State Senate Minority Jennifer Shilling and Waupaca Mayor Brian Smith recently criticized state Sen. Luther Olsen, R-Ripon, for allegedly participating in pay-to-play politics.
On Sept. 14, Shilling accused Olsen of voting for changes in the budget that would have protected lead paint producers from new and retroactive lawsuits. Those votes occurred around the same time that a major lead paint manufacturer donated heavily in support of Republican senators facing recall, including Olsen. Smith, who is running against Olsen for the District 14 seat in the state Senate this November, echoed the accusation on Sept. 20.
Olsen disputed the accusations, making the following statement in the Waupaca County News:
“It’s totally ridiculous. We in the Legislature voted for something in the budget. Somebody we didn’t know gave money to somebody else we didn’t know. How could this ever be considered pay-to-play?”
In a political context, “pay-to-play” refers to donations, usually from special interest groups or individuals, in exchange for political influence or favors. Though the U.S. Supreme Court has repeatedly stated that elected officials should avoid any and all appearance of corruption, it has not explicitly defined what constitutes pay-to-play, instead leaving it up to state and local governments to define. According to Wisconsin’s Code of Ethics for Public Officials and Employees, State Public Officials should not “offer or provide influence in exchange for campaign contributions” or “accept anything of pecuniary value from a lobbyist or from a lobbyist’s employer,” among other restrictions. Under Wisconsin state law, commonly known as the “corporate ban”, corporations can make donations political in nature to third-party groups as long as they are acting fully independently of candidates.
On Sept. 14, The Guardian published a report about the influence of corporate money on politics. The report focused on leaked court documents from the 2012 John Doe investigation into alleged campaign finance violations by Gov. Scott Walker’s campaign committee. That investigation was terminated in July 2015 after the state’s majority-conservative Supreme Court failed to find any clear evidence of broken campaign finance laws. The leaked court documents – which include emails, memos and checks exchanged between Walker’s campaign and high-profile supporters – detail donations made to a third-party group called the Wisconsin Club for Growth. Because Wisconsin Club for Growth is registered as a “social welfare” 501(c)(4) organization, it is exempt from federal income tax and doesn’t have to name its donors.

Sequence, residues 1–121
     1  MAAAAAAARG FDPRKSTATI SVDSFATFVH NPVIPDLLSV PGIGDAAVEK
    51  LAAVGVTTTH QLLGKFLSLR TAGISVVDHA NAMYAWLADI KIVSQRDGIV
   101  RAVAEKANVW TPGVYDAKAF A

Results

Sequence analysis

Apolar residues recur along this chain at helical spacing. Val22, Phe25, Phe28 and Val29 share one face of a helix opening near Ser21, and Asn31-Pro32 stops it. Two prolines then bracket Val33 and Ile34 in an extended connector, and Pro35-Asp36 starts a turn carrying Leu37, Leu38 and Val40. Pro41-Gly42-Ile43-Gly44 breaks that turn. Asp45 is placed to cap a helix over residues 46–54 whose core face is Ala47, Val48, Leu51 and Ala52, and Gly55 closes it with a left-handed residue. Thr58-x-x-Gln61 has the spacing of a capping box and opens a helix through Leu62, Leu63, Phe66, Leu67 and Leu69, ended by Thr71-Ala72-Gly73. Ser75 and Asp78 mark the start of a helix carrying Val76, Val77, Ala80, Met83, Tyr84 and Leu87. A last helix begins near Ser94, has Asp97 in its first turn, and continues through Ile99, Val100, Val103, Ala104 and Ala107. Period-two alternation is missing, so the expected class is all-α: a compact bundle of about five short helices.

The Guardian reported that the leaked documents include three checks totalling $750,000 made out to Wisconsin Club for Growth from Harold Simmons and his holding company Contran Corporation, which controls NL Industries –– a leading producer of lead paint in the US. The timing of each of the three donations closely precedes or follows Republican attempts to enact legislation that would protect lead paint manufacturers from both new and retroactive negligence lawsuits.
The first check – $500,000 to Wisconsin Club for Growth from Simmons’ Contran Corporation – came in April 2011. This was three months after Walker enacted Act 2, which required victims of lead paint poisoning to prove that the company they were suing had produced the specific paint product that injured them. Making such a connection was extremely difficult for the victims because – since lead paint was banned in 1978 – the paint in question was likely to have been covered by new layers.
In August 2011, Olsen and several other Republican senators were facing recall. On Aug. 9, Olsen defeated Democratic challenger Fred Clark 52.1 percent to 47.79 percent and successfully retained his seat in the state Senate. Three of the other Republican senators facing recall also kept their seats.
A leaked email in the John Doe investigation sent nine days after the recall results were in reveals that Walker’s top campaign consultant, R.J. Johnson, suggested he include the following remarks in an upcoming phone call to donors:
- “We needed to hold four of the six Republican Senators [sic] facing recalls last week in order to maintain our conservative majority in the state senate. With your help and against the odds, we … held our majority by a margin of 17-16.”
- “Our efforts were run by Wisconsin Club for Growth … who coordinated spending through 12 different groups. Most spending by other groups was directly funded by grants from the Club.”